It can feel difficult to know how to support someone who is grieving. Grief is unique to every person, and everyone will have their own ways of dealing with it. For people around them, like friends and family, it can be hard to know how to support them and what to say. It’s also natural to feel worried that you might accidentally say the wrong thing or upset them as they process their feelings. In this blog, we’ve explored ten ways to support someone who is grieving.
- Communicate mindfully
Strike a balance between ensuring they know you’re there for them but not overwhelming them. It’s normal when grieving to want time alone to process and heal, but staying silent can make the person grieving feel more alone and isolated. It’s worth letting them know you’re there if they need anything or someone just to listen, but that they don’t have to respond if they’re not up for it. Adapting to life after a loss can take time, so being mindful of your communication and striking the right balance is a meaningful way to support someone going through a hard time.
- Encourage them to write down their feelings
Sometimes it’s easier to write things down rather than trying to articulate difficult feelings and emotions. Writing, or even drawing, is a good release and a great way for them to get their emotions out. The important thing is that your loved one doesn’t bottle everything up and keep everything inside. So, whether they’re writing their feelings down, drawing as a way of releasing emotions, or talking about them, try to encourage them to feel comfortable enough to communicate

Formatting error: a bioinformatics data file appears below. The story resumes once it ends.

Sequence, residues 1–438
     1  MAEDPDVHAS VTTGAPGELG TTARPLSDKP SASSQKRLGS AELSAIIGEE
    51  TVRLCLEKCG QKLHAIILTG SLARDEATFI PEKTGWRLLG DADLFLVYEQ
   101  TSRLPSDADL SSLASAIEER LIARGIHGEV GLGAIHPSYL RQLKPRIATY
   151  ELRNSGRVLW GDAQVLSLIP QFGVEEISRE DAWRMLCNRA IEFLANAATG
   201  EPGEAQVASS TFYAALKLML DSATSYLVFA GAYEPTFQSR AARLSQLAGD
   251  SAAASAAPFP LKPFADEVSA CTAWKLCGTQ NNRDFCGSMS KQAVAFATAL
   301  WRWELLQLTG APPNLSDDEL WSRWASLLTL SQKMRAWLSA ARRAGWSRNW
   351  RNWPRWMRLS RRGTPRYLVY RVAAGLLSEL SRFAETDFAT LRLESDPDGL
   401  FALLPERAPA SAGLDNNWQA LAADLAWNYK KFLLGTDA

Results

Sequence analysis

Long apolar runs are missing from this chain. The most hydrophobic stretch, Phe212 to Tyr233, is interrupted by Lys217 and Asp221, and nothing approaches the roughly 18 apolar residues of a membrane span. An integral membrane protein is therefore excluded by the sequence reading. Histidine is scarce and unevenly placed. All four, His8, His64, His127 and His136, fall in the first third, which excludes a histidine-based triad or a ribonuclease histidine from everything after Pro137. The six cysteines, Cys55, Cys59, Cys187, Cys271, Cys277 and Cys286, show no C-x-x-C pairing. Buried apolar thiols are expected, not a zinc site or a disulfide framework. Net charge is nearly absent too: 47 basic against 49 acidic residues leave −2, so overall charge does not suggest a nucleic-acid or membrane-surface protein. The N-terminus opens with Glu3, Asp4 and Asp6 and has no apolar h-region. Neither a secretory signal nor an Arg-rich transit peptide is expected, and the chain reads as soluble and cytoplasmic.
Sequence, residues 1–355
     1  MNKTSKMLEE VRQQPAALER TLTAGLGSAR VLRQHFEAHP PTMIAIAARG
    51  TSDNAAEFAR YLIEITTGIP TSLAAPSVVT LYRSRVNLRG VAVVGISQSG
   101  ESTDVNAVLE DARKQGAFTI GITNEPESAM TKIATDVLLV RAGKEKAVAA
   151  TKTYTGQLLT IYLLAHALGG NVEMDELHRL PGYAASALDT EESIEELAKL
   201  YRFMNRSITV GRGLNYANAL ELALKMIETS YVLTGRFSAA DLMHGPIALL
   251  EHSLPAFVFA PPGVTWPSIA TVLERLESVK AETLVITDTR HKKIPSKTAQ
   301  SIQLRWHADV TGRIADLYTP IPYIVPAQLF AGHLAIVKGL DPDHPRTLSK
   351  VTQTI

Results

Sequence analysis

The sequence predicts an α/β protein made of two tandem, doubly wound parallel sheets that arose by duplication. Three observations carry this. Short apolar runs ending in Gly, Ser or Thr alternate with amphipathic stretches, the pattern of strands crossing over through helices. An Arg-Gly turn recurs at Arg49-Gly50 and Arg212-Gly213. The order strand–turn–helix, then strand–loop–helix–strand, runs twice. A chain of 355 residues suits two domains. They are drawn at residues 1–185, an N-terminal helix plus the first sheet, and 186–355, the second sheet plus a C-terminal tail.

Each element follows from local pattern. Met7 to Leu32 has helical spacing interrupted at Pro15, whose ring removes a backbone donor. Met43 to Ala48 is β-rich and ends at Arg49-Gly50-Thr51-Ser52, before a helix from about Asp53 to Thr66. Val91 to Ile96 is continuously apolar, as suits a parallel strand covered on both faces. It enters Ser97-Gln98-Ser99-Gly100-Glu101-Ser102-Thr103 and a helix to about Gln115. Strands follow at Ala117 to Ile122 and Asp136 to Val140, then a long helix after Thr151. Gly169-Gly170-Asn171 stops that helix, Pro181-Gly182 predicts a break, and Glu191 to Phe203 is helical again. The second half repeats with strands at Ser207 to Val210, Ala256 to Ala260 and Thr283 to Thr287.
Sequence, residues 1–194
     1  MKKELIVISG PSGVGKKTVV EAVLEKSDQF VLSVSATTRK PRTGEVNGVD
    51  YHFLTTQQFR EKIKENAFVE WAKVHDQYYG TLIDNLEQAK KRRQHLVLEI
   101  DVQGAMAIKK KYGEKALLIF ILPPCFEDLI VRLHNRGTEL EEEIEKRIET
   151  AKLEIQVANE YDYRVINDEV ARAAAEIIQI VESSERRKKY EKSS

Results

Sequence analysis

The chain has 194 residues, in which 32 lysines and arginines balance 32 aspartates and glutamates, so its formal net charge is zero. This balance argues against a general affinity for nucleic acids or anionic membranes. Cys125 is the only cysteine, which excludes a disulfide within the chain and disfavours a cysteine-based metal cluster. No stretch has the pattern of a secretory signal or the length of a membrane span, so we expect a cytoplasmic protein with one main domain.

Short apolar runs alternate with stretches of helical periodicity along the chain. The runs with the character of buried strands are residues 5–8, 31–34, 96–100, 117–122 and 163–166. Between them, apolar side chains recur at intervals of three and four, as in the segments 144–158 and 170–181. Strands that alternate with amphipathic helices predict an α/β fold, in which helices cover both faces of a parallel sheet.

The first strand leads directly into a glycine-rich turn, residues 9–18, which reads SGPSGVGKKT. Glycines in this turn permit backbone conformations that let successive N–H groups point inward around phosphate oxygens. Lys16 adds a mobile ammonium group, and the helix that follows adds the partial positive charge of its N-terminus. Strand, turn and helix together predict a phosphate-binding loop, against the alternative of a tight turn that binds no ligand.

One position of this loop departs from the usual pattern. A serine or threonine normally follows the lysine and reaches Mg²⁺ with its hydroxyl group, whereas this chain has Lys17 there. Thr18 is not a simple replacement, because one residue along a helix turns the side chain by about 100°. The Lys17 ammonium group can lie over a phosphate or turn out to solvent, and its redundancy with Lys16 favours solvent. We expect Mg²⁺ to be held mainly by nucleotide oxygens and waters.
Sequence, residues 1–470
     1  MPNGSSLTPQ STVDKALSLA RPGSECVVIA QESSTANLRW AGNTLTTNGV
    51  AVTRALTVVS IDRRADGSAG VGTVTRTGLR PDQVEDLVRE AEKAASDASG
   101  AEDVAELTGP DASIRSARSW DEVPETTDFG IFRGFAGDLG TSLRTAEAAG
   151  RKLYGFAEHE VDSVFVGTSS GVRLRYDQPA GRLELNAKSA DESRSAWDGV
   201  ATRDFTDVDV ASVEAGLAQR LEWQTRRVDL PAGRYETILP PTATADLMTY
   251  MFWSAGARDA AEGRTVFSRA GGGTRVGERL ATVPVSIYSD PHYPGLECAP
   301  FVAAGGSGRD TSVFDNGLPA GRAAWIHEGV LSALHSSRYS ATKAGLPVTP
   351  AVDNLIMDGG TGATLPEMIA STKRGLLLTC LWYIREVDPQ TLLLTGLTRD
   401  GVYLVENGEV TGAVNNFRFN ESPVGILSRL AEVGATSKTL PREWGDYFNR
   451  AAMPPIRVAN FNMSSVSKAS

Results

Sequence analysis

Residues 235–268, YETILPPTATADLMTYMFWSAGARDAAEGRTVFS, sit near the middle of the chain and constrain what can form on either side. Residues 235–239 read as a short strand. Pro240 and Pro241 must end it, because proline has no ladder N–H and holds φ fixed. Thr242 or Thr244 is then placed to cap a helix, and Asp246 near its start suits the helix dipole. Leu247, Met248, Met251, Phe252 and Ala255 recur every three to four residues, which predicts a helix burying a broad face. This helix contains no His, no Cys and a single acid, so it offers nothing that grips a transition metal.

- Recommend useful media, including books and podcasts
Breaking the taboo around grief is really important, and there are some incredible trailblazers who have done a fantastic job in knocking down those walls. The Good Mourning podcast is a superb platform, and Sally and Imogen have built a global community thanks to their open conversations about grief and loss (you can read our interview with these two amazing women in this blog).
Special books about grief are also excellent resources for anyone grieving. For example, Things I’ve Learned About Loss by Dana Shields, The Madness of Grief by Reverend Richard Coles, It’s OK That You’re Not OK by Megan Devine.
- Offer practical support and assistance
On a practical level and depending on the circumstances of the death, your loved one might need help with funeral arrangements or paperwork like insurance forms or bills, doing the housework, driving them where they need to go, looking after their pets or picking up their children from school. People who are grieving might not want to ask for help as they might worry they’re a burden. Bear that in mind and be specific instead of being general. For example, instead of saying, “I’m here if you need anything”, say “I’ve cooked some meals that you can pop in the freezer, when can I drop them around?” or “I’m going to the supermarket later this week, send over a list of everything you need, and I’ll pick it up for you.”
- Thoughtful presents can help someone who is grieving